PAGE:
How Many Calories Do You Burn While Running?

A man checks his smart watch

Runners are often numbers people. We log our miles, track our heart rates and list our PRs to anyone who will listen. Some even count their footsteps per mile and keep a detailed journal of these stats.

Many runners also keep track of our calories eaten and calories burned. So how many calories do we burn while running that will give us permission to eat the next brownie? It’s not straight forward math, that’s for sure.

A man wearing Karhu running shoes runs by himself

Calories Burned While Running

If you try to calculate your calories burned running per mile, you get a lot of different answers and a few questions along the way.

The Mayo Clinic reports that an hour of running at just 5 mph will burn 606 calories or 121 calories per mile. The American Council on Exercise takes the athlete’s weight into account; their calculator reports that a 150 pound person will burn 113 calories running at 6mph for one mile.

The American College of Sports Medicine further explains the number of calories burned while running: running at 6 mph burns approximately 10 calories per minute; running at 9 mph uses roughly 15 calories per minute; and running at 12 mph eats up about 20 calories per minute.

Those numbers, says the ACSM, make aerobic activities, like running, the most effective exercises to burn calories.

There are other factors to take into account, though, says Mary Ann Dobbins, a wellness manager at Case Western Reserve University in Cleveland, Ohio.

Why Calories Burned While Running Varies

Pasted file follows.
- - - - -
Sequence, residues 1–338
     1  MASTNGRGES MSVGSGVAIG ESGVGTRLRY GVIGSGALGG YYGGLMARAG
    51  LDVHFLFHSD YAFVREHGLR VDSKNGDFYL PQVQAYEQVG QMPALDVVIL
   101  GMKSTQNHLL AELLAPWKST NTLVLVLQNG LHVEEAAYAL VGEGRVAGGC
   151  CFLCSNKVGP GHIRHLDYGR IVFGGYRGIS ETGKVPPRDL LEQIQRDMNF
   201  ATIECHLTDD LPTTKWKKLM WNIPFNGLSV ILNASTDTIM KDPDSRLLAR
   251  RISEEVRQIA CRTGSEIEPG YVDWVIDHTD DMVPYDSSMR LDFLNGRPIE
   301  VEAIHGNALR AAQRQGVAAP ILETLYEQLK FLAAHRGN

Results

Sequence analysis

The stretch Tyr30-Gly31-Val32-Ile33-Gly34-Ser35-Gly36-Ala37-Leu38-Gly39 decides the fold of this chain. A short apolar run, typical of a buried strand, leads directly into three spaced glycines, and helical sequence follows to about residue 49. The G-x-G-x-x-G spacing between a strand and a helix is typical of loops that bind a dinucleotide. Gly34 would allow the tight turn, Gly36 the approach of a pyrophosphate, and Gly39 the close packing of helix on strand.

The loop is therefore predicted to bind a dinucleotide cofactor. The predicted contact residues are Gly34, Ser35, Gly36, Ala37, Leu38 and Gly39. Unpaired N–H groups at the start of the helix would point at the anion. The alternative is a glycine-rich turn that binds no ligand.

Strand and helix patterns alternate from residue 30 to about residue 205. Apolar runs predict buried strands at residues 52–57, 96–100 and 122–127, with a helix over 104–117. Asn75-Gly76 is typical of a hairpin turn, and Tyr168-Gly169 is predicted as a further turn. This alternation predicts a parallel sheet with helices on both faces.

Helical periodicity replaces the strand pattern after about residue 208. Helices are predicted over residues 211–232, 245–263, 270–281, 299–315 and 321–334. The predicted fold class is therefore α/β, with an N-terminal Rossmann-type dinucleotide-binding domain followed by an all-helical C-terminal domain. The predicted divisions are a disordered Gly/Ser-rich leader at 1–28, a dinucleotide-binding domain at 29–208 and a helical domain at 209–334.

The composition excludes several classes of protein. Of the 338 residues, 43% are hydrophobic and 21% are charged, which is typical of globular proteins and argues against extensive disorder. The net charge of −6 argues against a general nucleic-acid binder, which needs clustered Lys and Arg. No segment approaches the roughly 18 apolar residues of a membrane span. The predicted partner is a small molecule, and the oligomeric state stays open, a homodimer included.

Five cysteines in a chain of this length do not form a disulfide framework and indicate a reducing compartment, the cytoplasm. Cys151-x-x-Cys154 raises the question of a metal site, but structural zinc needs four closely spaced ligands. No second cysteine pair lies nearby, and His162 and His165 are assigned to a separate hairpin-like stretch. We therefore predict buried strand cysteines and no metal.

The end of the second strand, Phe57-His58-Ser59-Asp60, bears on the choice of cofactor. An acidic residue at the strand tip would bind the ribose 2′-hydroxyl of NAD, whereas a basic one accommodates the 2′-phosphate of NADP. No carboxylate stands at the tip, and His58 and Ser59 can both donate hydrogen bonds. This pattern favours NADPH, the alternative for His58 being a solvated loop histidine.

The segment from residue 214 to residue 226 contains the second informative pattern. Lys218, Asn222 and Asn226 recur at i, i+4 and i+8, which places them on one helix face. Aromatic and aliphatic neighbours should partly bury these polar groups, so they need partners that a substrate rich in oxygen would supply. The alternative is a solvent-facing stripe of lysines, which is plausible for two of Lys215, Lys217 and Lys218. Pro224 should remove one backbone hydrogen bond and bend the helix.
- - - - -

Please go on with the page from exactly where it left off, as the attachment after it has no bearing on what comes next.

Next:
Why are there so many different opinions? And why would calories burned running vary from mile to mile?

Your weight, height and body composition can all affect the amount of calories you burn when you run. The terrain can also affect how much you burn—steep hills will cost more calories than your local high school track.

Dobbins says calories burned while running also depends on your conditioning. Those of us who have been running for years will burn fewer calories than someone who just started running.

“The body is really good at gaining efficiencies at what it does often,” she says. “That’s why it’s good to mix up your exercise routine.”

But even with so many variables, Dobbins, who earned her exercise science master's degree at Cleveland State University and is an American College of Sports Medicine Certified Exercise Physiologist, says you shouldn’t worry about the exact number of calories you’ll burn when you run.

“So many factors go into how your body burns calories during exercise that it is very difficult to accurately track,” she say. “However, numbers-oriented runners should not fret about not knowing the exact amount burned. Keep tracking distance, pace, annual mileage, etc. But instead of focusing on calories, I suggest focusing on the reason that you run. There are so many positive outcomes when you choose to be physically active.

“For example, you can better keep up with the kids in your life, you generally sleep better, it's exciting when you make a PR, you can walk all day on vacation and not get tired. So don’t worry about the burn, use a calculator for a general idea of your calorie count and focus on how good running makes you feel.”

By Maureen Wise. Maureen caught the running bug in high school when she was the only female to run the two-mile race on her high school track team. Not that she was a fast runner then—or now—but she's been at it for 20 years and has run more 5Ks than she cares to count.

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